Meanwhile, the lemongrass soup my wife ordered wasn't an immediate "must get" for the future. It's a soup that leans very heavily on tomato flavors, with a light broth punctuated by the acidic veggie's flavors. This, along with a heavy emphasis on the lemon, made for a very sharp soup. The flavor was bright, and salty, but all became a bit too much as she neared the end of the bowl. This wasn't a cup of soup she could finish hon her own, just due to its strong flavors, and the few sips I had led me to agree with that assessment.

Speaking of soups, the restaurant does offer a set of "Thai Inspired" Pho options. This is one of the weirder offerings on their menu, so during one of my visits I had to try it out. Unlike with Vietnamese Pho, which is generally served with the noodles in the broth and the meat on top, with everything else served on the side so you can assemble your soup to taste, Napa's "Thai Pho" comes preassembled with all the toppings and acoutrements mixed in. For the beef soup I ordered, this meant the beef came out overcooked, the thick slices having stewed in the broth for a while. The flavor was also a little more basic than I would have liked, and while I could have spiced things up with their offered "spice rack", for anyone just getting this soup "as is", it might come across a little too bland. Not as bold as I expect from Pho.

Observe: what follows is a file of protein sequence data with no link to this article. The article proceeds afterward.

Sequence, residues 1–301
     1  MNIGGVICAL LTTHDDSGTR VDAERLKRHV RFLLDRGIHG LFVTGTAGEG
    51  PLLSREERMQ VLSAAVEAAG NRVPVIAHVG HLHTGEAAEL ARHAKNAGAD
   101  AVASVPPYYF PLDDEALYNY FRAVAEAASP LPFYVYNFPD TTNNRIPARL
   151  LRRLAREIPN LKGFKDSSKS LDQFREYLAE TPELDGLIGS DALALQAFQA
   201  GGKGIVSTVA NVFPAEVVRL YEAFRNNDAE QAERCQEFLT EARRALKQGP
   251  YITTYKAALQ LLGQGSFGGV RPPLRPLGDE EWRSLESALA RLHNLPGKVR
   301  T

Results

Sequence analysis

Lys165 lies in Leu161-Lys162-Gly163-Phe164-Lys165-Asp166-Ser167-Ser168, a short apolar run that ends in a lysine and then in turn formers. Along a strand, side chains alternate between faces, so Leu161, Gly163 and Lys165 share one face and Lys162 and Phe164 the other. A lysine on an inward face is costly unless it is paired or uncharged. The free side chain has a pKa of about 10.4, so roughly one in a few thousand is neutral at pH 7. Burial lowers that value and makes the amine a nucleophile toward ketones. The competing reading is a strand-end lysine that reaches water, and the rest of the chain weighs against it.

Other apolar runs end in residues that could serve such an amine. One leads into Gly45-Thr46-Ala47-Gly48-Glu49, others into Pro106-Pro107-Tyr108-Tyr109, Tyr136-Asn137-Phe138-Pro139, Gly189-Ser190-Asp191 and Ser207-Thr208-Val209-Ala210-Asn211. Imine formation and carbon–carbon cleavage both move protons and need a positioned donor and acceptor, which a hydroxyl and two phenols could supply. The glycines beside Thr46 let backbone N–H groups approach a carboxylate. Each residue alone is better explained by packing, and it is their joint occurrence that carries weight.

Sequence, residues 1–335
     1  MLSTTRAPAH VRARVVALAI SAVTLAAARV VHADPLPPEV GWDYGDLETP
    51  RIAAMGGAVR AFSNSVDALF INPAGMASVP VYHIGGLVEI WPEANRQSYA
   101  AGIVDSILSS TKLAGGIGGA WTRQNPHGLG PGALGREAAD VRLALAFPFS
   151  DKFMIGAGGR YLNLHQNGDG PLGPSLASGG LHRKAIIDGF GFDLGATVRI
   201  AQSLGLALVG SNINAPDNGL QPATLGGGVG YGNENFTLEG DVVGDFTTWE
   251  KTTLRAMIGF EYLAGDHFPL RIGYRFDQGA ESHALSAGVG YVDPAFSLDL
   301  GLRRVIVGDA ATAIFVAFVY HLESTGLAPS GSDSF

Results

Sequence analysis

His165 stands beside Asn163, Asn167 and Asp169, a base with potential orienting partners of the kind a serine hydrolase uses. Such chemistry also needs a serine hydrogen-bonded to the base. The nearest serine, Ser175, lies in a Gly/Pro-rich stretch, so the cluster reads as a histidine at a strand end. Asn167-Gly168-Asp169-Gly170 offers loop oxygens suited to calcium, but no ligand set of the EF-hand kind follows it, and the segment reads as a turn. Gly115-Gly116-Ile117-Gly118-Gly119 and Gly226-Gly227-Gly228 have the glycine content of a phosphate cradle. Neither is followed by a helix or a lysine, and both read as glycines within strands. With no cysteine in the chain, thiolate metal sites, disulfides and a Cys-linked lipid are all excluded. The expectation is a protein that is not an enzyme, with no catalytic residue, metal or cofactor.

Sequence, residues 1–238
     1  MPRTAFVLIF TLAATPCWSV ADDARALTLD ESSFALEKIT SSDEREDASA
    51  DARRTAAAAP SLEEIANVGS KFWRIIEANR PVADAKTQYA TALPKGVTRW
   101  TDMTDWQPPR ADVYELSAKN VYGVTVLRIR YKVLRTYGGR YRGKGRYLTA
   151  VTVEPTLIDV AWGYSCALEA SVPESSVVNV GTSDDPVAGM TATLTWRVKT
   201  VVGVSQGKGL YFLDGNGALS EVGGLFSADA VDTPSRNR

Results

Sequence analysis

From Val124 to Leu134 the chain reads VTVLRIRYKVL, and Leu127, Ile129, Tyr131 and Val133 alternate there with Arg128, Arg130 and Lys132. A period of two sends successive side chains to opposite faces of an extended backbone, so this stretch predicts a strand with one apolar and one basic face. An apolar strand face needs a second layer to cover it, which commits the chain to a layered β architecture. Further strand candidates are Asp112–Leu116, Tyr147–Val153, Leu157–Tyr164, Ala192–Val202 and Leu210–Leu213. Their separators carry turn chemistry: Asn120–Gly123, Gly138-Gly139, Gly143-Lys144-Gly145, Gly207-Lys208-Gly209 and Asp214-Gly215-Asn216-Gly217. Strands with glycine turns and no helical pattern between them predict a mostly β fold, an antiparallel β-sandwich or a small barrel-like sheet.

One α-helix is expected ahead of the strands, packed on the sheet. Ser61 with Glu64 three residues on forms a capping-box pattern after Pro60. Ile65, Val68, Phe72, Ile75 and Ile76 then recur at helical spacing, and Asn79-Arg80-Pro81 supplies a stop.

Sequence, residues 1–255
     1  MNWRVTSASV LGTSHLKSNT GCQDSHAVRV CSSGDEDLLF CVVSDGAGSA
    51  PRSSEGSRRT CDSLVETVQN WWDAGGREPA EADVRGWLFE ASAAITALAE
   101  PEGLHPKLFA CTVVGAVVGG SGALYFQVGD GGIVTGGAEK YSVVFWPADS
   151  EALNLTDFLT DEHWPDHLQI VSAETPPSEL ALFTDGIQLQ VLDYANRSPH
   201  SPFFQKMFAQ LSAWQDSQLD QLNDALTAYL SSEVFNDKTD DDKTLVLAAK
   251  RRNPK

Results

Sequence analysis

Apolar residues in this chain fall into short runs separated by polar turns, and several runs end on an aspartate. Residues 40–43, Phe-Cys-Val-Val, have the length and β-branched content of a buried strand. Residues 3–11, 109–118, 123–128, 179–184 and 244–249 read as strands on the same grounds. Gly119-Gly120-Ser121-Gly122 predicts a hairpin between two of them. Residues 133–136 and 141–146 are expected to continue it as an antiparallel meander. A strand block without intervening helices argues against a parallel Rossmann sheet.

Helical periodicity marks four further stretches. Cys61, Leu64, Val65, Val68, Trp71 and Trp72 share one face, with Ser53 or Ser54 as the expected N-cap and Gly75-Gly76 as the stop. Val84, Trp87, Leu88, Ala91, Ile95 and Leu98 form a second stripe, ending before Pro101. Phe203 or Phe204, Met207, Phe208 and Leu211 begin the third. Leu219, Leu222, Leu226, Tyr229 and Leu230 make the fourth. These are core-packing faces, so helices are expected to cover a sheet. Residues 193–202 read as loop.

Before delving into the rest of the dishes I've tried, I do want to discuss their sauce and spice rack. Any time you eat in at Napa Thai, the servers will offer to bring out the spices for you to use in their dishes. These range from a a spcy red sauce heavy on chilis, to a salty green sauce with just a bit of heat, and then a ground dry seasoning that really has the burn behind it. Generally I like things spicy, so I'm all for adding heat, but most of the dishes at Napa Thai, by default, don't edge up on the heat scale. If you want a lot more heat to your food, ask for the spices. It would, at the very least, kick up the Pho to a tasty degree. You are also able to ask for the dishes at any heat level you want (from 1 to 10), but the sauces let you get a little more control over your flavor profile, if that's your thing.

Where Napa's food shines is in the more traditional Thai offerings. When I go to a Thai restaurant, one of the first things I order is their Red Curry. That's because I tend to find that Red Curry is a hard dish to really screw up (everyone knows how it should be made), so it works as a good barometer for a place. If they do screw up the Red Curry, you know that nothing else they serve will be good, but you can also see how they like to season things, where their heat scale sits, and what the quality of their ingredients will be, all from this simple and flavorful dish.

Thankfully, Napa managed to knock their Red Curry out of the park. While the sauce was a little thinner than I expected (I'm used to very thick curry, heavy on the coconut milk), I actually liked the slightly more delicate broth of Napa's curry. And while the sauce was a little thinner than I first expected, it certainly had more veggies and flavor than I could have hoped for. I'm used to restaurants going heavy on the meat with the veggies reserved as more of a "garnish", but Napa provided plenty of both. The chicken was thin sliced and well cooked, while the dish was loaded with eggplant, pepper, green bean and basil. And, the curry brought the heat, with teh menu noting it as a 6 out of 10 heat level (the highest I saw on the menu), and it did feel spicy. I got just enough heat on my tongue to feel it (and I like spice, so that's a high bar to hit). I have a feeling if I asked for the dish to be any spicier it might have actually gotten uncomfortable, so this was pitched perfectly.